This documentary profiles the controversial French lawyer Jacques Vergés, who has spent his life defending terrorists of all stripes. After representing Algerian separatist Djamila Bouhired — and losing her case — Vergés mysteriously disappeared from public view for almost a decade. When he returned, he once again picked up his fight for those who hope […]

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March 25, 2008

Gregory Stock

Gregory Stock has explored the larger evolutionary significance of humanity’s recent technological progress for many years, and he examined the subject at length in his 1993 book, Metaman: The Merging of Humans and Machines into a Global Superorganism (Simon & Schuster). Following its publication, he spent a year at Princeton’s Woodrow Wilson School of Public […]

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March 11, 2008

William Hurlbut, MD

“William B. Hurlbut is a physician and Consulting Professor at the Neuroscience Institute.  After receiving his undergraduate and medical training at Stanford University, he completed postdoctoral studies in theology and medical ethics, studying with Robert Hamerton-Kelly, the Dean of the Chapel at Stanford, and subsequently with the Rev. Louis Bouyer of the Institut Catholique de […]

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March 6, 2008

Charis Thompson

Dr. Charis Thompson is Associate Professor in the Departments of Rhetoric and Gender and Women’s Studies at the University of California, Berkeley. She is Director of the Berkeley Science, Technology, and Society Center, and of the Designated Emphasis in Women, Gender, and Sexuality. She is also the Director of the Project on Stem Cells and […]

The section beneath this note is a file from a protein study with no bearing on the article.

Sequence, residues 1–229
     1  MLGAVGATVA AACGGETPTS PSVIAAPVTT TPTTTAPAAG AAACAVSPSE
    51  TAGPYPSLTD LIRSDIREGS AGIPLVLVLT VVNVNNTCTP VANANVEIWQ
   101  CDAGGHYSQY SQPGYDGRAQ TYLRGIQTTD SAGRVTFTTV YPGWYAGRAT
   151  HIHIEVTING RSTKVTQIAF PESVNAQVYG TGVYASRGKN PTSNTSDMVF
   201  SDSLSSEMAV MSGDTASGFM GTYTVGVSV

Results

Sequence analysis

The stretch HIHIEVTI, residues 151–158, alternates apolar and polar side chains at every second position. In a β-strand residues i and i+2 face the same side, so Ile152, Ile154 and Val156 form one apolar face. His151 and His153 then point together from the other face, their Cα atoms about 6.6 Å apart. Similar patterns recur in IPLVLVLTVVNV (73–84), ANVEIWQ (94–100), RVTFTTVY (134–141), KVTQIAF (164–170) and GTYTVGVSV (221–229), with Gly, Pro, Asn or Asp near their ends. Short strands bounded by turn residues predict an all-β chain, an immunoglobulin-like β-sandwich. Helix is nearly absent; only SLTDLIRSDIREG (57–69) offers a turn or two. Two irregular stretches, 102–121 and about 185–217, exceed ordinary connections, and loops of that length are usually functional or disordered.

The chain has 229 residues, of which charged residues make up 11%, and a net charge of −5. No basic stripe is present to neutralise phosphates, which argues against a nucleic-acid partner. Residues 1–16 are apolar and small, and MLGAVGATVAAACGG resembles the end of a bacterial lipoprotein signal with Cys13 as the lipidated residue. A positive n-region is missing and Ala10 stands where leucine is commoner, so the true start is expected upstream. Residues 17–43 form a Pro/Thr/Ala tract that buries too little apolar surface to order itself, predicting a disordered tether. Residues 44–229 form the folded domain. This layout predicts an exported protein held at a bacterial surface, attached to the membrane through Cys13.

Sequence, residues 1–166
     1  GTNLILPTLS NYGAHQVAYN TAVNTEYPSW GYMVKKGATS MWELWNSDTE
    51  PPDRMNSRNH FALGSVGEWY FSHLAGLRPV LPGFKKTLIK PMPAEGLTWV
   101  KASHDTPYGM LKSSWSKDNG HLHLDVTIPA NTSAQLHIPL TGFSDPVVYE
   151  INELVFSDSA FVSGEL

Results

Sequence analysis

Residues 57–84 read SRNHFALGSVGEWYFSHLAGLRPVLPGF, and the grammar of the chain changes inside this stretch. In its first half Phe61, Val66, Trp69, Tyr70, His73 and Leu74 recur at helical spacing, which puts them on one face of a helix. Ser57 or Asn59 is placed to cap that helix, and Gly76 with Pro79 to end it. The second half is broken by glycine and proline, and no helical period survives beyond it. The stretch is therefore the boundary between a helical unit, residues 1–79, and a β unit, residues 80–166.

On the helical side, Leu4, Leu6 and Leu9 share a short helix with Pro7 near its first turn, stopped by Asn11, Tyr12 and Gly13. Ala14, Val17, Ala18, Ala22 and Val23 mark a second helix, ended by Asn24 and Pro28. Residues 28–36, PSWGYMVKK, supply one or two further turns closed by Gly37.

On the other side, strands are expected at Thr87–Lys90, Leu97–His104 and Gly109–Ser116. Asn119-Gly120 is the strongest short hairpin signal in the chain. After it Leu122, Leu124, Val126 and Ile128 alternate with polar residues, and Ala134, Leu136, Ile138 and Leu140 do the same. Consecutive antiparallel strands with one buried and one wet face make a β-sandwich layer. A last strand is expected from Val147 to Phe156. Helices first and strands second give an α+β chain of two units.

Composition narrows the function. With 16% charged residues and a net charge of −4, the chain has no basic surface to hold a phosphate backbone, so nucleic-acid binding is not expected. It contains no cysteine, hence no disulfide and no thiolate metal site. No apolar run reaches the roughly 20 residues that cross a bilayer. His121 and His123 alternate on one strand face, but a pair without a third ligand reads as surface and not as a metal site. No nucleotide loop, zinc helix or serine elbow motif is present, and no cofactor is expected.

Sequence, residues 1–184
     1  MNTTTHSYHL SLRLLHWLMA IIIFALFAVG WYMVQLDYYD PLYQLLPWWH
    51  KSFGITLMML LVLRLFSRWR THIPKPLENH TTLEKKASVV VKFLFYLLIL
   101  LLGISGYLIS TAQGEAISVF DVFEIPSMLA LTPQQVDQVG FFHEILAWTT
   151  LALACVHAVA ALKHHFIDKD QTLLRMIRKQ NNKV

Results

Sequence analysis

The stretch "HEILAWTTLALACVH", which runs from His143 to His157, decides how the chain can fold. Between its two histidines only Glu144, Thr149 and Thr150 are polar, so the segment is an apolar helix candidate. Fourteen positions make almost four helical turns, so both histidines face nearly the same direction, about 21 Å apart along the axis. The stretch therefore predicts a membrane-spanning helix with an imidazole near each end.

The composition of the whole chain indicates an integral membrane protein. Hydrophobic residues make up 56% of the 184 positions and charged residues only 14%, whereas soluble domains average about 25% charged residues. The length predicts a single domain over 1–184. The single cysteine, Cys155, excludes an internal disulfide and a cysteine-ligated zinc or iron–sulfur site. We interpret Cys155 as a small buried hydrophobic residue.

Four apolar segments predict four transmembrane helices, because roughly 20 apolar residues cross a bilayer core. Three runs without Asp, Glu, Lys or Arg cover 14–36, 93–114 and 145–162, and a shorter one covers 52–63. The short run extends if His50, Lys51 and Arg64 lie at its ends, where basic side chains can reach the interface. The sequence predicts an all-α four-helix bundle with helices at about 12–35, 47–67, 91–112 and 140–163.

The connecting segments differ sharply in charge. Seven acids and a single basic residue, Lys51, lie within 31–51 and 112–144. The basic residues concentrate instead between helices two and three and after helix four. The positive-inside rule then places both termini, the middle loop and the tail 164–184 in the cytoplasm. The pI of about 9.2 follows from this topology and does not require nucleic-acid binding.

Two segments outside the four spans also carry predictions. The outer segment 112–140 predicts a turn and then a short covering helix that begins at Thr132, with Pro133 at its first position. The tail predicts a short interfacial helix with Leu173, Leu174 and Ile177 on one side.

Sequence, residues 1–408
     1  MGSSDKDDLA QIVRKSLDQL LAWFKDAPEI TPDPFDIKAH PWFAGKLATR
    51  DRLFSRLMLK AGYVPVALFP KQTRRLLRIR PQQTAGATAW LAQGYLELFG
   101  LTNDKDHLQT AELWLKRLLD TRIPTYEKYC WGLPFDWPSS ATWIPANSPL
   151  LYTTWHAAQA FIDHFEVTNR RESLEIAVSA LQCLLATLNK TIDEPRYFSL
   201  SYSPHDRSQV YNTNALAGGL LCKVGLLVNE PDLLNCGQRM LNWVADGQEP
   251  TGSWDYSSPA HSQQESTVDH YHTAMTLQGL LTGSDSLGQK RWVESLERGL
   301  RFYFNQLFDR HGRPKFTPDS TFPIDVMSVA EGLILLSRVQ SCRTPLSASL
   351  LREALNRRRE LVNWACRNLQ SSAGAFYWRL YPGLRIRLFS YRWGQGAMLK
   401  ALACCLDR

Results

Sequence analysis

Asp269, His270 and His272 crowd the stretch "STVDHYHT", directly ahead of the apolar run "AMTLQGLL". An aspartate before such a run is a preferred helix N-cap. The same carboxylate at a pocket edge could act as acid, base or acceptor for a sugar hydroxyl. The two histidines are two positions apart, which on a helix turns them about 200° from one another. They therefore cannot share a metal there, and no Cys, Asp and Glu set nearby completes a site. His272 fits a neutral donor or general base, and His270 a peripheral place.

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March 4, 2008

Michael Spezio

Michael Spezio is an Assistant Professor of Psychology at Scripps College. Previously he was a postdoctoral scholar in social and affective neuroscience in the Division of the Humanities and Social Sciences and at the Brain Imaging Center at the California Institute of Technology. He obtained a doctorate in biochemistry from Cornell University, a doctorate in […]

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February 28, 2008

“Our Daily Bread”

Welcome to the world of industrial food production and high-tech farming! To the rhythm of conveyor belts and immense machines, the film looks without commenting into the places where food is produced in Europe: monumental spaces, surreal landscapes and bizarre sounds — a cool, industrial environment which leaves little space for individualism. People, animals, crops […]

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February 26, 2008

Dorothy Roberts

Dorothy Roberts is the Kirkland & Ellis Professor at Northwestern University School of Law, with joint appointments in the Departments of African American Studies and Sociology (courtesy), and as a faculty fellow of the Institute for Policy Research and faculty affiliate of the Joint Center for Poverty Research. She received her B.A. from Yale College […]

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February 21, 2008

“Strange Culture”

The surreal nightmare of internationally-acclaimed artist and professor Steve Kurtz began when his wife Hope died in her sleep of heart failure. Police who responded to Kurtz’s 911 call deemed Kurtz’s art suspicious and called the FBI. Within hours the artist was detained as a suspected “bioterrorist” as dozens of federal agents in Hazmat suits […]

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February 19, 2008

Rachel Mayeri

Rachel Mayeri is a Los Angeles-based artist working at the intersection of science and art. Her videos, installations, and writing projects explore topics ranging from the history of special effects to the human animal. Mayeri’s “animated documentaries” combine motion graphics and live-action, documentary and storytelling. Primate Cinema: Baboons as Friends (2007), is a reenactment of […]

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T. Kim Trang-Tran

Tran, T. Kim-Trang was born in Viet Nam and emigrated to the U.S. in 1975. She received her MFA from the California Institute of the Arts and has been producing experimental videos since the early 1990’s. Her work has been exhibited internationally. In 1999 Tran presented her Blindness Series in a solo screening at the […]